Victim of history

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Victim of history


“Mitsuyama, silent for a while, started singing, ‘Arirang, arirang, arariyo, arirang gogaero neomeoganda.’ The voice was full of bitterness. The restaurant owner and her two daughters started singing along together, but soon the song disappeared, leaving the room empty with lament. They put their arms around each other.”

This is an excerpt from “The Firefly Returns,” a book written by Reiko Akabane based on the true story of a night at Tomiya restaurant near Jiran air base in Kagoshima on May 10, 1945.

Mitsuyama was a regular patron of the restaurant. He was also a kamikaze pilot who would die the following day. He took off as scheduled the next day, carrying 250 kilograms of bombs in his jet, ending his short 25-year life in seas near Okinawa.

A lieutenant of the Japanese Empire, Fumihiro Mitsuyama’s Korean name was Tak Kyong-hyong. In all there were 1,036 kamikaze suicide commandos. Among them were 11 Koreans, including Tak. His soul now rests within the controversial Yasukuni Shrine, where a picture of him in his flying helmet is displayed.

Last month, on the anniversary of Tak Kyong-hyong’s passing, several Japanese tried to build a monument in his honor in his hometown of Sacheon, South Gyeongsang. They must have thought that the memorial would be a small step toward the reconciliation of Korea and Japan, just like in the movie “Hotaru,” based on the Tak story. In the movie, a Japanese survivor who was a subordinate of the Korean lieutenant in the Kamikaze corps visits Korea with a keepsake that belonged to his senior officer. An emotional reconciliation is made as the family who at first strongly refused to accept the keepsake finally accepts it in the end. However, in reality, the result was the complete opposite. In Sacheon, the residents were opposed to the monument and civic groups held demonstrations. The ceremony was eventually cancelled and the monument removed.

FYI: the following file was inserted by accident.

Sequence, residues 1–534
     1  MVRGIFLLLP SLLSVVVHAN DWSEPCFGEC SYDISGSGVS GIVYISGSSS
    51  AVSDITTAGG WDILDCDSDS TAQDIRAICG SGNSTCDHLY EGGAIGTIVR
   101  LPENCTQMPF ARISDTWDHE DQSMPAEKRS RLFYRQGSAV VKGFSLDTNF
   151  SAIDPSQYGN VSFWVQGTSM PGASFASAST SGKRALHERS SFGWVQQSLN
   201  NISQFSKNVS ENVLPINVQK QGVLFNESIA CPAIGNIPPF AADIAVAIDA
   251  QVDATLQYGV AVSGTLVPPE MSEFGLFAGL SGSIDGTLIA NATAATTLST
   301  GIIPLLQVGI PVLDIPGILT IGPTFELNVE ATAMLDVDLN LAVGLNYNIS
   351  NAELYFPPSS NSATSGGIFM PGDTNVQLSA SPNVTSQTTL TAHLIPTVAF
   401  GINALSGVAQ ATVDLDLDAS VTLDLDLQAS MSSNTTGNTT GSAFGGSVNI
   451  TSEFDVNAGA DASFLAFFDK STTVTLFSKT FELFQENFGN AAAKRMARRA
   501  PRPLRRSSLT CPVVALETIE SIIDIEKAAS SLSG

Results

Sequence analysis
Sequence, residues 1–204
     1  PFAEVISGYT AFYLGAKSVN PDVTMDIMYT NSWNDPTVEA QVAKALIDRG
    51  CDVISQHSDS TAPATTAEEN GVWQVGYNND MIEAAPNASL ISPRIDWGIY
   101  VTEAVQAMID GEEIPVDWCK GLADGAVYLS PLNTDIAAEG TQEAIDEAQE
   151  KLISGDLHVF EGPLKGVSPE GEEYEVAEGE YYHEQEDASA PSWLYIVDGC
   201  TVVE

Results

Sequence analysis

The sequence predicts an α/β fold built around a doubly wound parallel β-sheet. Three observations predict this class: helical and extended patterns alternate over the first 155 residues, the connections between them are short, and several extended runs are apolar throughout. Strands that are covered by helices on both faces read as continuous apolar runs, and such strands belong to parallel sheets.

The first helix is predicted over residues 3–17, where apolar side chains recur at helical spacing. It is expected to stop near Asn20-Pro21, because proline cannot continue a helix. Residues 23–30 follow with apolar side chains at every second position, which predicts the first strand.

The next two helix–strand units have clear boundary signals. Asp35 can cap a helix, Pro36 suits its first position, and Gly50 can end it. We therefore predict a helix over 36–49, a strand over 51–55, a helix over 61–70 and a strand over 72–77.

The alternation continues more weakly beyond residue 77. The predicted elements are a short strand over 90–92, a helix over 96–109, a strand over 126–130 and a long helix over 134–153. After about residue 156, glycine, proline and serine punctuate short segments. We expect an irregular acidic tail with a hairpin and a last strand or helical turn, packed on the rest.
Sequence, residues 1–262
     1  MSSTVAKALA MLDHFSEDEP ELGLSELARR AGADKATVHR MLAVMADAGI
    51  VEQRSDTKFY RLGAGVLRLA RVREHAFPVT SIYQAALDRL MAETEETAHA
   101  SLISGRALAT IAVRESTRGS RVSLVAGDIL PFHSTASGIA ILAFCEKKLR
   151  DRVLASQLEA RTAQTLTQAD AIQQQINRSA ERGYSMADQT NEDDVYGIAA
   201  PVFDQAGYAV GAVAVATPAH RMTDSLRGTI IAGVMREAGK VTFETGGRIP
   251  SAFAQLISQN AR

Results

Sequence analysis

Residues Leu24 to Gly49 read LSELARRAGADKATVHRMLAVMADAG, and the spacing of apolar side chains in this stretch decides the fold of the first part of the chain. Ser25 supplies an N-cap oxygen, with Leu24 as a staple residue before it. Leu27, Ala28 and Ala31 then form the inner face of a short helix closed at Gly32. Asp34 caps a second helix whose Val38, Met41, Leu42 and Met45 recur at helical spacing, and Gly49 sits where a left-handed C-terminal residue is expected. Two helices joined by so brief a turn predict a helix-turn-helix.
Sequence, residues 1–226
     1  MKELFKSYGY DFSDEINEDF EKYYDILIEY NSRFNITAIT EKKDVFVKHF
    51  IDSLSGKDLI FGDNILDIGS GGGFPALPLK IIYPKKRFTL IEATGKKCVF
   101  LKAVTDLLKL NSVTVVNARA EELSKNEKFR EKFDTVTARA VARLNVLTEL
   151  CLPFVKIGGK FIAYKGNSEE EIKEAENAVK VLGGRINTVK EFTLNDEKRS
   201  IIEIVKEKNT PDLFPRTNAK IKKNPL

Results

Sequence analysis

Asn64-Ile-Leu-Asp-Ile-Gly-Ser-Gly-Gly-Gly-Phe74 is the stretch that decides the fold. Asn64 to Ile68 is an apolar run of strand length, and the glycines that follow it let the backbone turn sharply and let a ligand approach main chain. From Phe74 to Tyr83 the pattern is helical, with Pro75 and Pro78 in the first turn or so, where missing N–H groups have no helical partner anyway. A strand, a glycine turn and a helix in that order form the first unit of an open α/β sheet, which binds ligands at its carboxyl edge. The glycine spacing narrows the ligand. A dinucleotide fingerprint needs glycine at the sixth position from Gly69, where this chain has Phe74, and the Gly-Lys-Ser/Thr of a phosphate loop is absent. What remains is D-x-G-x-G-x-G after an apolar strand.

Even in his hometown, Tak is regarded only as a collaborator with Japan, showing that Korea is still not ready for true reconciliation with its former colonial oppressor. This is because the sincere apology that should precede forgiveness has not been given.

Tak, whether he volunteered or was forced to join, was another victim of history. It is a true tragedy that the man who sang “Arirang” on the night before he died, missing his homeland, had to fly his death shouting, “Long live the emperor.” Before the madness of history, a human being’s fate is small and weak. That is why Tak’s transient death is truly pitiful.

*The writer is a deputy political editor of the JoongAng Ilbo.

By Yeh Young-june []
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